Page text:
In Barsegian v. Kessler & Kessler, 215 Cal. App. 4th 446 (Cal. Ct. App. 2013), the California Court of Appeals upheld a trial court’s denial of a motion to compel arbitration on the grounds that arbitration between two, and not all, of the parties could create inconsistent rulings. The Court of Appeals rejected the argument alleging that all defendants were the same person or agents of each other because doing so would create the precedent that “as long as one defendant had entered into an arbitration agreement with the plaintiff, every defendant would be able to compel arbitration, regardless of how tenuous or nonexistent the connections among the defendants might actually be.” To read more: http://www.courts.ca.gov/opinions/documents/B237044.pdf.

Arbitration Clause in Preprinted Sales Contract Containing Automatic Appeals and Given to Consumers on Take-It-or-Leave-It Basis is Procedurally and Substantively Unconscionable

In Vargas v. Sai Monrovia B, Inc., ___ Cal. Rptr. 3d. ____, 2013 WL 2419044 (Cal. Ct. App. 2013), the California Court of Appeals reversed a trial court’s order compelling arbitration on the grounds that the arbitration clause was invalid because it was so permeated with unconscionability. The court held that the contract was procedurally unconscionable because the arbitration clause was located on the back of a large form with small print and given to the customer on a “take-it-or-leave-it” basis. Moreover, the arbitration clause was substantively unconscionable because it contained multiple unconscionable clauses: it allowed for an appeal of an arbitral award in excess of $100,000 or in cases of injunctive relief to a panel of three arbitrators; it stated that the appealing party must prepay all filing fees and arbitration costs; and it exempted the self-help method of repossession from arbitration. To read more: http://www.courts.ca.gov/opinions/documents/B237257.pdf.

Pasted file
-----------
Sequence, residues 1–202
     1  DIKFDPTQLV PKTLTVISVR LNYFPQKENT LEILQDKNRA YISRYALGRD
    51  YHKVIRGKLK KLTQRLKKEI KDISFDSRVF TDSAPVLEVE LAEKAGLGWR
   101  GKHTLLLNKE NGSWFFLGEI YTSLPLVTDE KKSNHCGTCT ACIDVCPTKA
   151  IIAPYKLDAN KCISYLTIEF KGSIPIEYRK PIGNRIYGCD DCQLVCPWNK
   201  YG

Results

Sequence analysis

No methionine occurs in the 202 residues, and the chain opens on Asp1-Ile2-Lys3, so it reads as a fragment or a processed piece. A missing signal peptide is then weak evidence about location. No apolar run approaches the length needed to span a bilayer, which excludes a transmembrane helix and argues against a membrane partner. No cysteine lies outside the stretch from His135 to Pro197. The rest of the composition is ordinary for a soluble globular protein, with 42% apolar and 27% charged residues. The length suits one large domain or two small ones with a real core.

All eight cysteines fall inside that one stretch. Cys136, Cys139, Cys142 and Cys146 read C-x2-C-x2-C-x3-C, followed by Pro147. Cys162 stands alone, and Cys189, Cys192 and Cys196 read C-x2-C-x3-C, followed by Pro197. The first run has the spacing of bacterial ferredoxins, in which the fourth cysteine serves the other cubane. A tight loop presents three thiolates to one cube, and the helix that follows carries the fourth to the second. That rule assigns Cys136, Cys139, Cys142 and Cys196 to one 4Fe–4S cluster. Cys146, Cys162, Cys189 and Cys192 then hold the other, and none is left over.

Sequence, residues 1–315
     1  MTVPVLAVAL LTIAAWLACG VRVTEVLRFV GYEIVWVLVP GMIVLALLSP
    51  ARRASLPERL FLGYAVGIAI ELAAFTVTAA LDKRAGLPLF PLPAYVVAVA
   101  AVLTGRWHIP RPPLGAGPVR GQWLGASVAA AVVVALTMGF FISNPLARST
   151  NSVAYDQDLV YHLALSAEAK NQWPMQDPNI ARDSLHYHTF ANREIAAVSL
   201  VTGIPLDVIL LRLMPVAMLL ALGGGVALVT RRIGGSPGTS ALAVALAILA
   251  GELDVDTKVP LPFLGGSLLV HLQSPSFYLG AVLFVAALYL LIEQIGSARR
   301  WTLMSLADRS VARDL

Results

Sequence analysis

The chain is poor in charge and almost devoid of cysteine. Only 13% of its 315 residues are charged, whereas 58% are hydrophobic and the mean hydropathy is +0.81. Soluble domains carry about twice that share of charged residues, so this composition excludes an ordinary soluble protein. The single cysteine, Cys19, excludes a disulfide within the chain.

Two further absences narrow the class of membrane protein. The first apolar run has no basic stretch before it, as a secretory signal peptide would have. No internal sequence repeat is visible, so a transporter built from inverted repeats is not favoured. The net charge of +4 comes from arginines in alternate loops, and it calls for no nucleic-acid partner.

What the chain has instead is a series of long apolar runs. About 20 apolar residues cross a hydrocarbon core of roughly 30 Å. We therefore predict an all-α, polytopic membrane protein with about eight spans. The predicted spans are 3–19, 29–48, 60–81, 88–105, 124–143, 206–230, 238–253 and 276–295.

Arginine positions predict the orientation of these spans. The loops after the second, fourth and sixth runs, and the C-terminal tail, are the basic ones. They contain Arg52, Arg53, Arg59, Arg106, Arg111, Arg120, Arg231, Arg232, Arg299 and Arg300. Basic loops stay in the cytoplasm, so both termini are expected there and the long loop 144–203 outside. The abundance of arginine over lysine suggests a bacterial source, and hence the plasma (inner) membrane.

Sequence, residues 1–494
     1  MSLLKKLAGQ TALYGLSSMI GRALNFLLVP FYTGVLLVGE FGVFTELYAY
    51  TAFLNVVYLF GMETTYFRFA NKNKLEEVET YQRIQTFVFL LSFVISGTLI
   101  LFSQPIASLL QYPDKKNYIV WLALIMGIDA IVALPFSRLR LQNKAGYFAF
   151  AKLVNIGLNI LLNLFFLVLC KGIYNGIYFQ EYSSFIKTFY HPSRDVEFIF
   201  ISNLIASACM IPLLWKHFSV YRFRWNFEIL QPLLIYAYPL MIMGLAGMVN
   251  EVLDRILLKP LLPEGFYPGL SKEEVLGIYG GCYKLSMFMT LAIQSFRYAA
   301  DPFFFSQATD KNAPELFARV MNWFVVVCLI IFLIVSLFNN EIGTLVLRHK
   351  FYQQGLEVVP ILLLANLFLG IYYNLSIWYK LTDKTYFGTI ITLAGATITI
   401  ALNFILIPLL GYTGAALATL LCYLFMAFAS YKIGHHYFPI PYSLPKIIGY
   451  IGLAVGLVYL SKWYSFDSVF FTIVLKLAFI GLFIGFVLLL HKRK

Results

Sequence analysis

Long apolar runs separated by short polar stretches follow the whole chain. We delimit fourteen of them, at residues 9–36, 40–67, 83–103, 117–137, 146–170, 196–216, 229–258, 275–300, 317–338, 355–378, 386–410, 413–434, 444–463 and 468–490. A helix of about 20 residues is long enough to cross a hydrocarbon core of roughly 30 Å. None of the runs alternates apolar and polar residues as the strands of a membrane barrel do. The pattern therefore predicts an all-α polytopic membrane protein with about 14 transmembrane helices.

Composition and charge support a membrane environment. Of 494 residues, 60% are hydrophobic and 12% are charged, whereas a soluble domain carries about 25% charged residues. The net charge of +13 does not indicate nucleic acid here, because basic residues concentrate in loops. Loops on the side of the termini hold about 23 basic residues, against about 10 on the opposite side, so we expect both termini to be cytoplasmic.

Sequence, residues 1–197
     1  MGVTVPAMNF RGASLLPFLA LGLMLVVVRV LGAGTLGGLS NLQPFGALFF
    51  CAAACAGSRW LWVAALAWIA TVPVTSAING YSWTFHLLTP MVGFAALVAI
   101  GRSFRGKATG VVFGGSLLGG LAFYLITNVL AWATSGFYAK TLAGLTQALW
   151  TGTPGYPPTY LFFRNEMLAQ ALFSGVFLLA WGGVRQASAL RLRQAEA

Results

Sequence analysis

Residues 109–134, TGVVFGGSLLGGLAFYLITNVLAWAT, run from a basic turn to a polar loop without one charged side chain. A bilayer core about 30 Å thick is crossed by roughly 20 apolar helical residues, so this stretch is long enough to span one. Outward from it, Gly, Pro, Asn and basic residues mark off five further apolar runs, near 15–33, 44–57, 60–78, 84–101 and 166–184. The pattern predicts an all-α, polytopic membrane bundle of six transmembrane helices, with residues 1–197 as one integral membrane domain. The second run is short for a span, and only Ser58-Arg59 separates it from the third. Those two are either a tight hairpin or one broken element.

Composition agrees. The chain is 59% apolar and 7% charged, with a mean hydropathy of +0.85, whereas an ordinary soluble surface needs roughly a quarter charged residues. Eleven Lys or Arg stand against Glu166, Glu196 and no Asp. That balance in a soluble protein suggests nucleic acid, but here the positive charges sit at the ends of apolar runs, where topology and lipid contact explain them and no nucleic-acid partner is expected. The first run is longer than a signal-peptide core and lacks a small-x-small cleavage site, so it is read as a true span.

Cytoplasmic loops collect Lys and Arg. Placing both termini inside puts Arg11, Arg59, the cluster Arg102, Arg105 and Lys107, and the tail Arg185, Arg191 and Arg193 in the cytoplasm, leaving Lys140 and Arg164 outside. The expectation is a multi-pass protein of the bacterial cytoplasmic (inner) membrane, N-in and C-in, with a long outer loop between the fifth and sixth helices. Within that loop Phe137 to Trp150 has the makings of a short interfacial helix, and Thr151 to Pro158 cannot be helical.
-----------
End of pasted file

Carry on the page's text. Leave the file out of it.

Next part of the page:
Court Must First Determine Who is to Decide Whether Dispute is Arbitrable

In VRG Linhas Aereas S.A. v. MatlinPatterson Global Opportunities Partners II L.P., No. 12–593–cv, 2013 WL 2372286 (2d Cir. 2013), the Second Circuit vacated and remanded the district court’s decision  and declined to enforce the foreign arbitration award because it determined that the claim did not fall within the scope of the arbitration agreement. The court clarified that the question of “who is to decide whether a dispute is arbitrable” must be answered before the question of “whether a dispute is arbitrable.”  This decision is for the district court unless the parties “clearly and unmistakably assign such questions to arbitration.” The Second Circuit found that the district court did not consider whether the agreement between the parties clearly indicated that an arbitrator or a court was to decide the question. To read more: http://www.ca2.uscourts.gov/decisions/isysquery/4f8e5b26-c395-4a63-9c88-a29030470430/10/doc/12-593_opn.pdf.

J.D. Hoyle is a law clerk with the ABA Section of Dispute Resolution. Kristen A. Erthum is a rising 3L at George Mason University School of Law.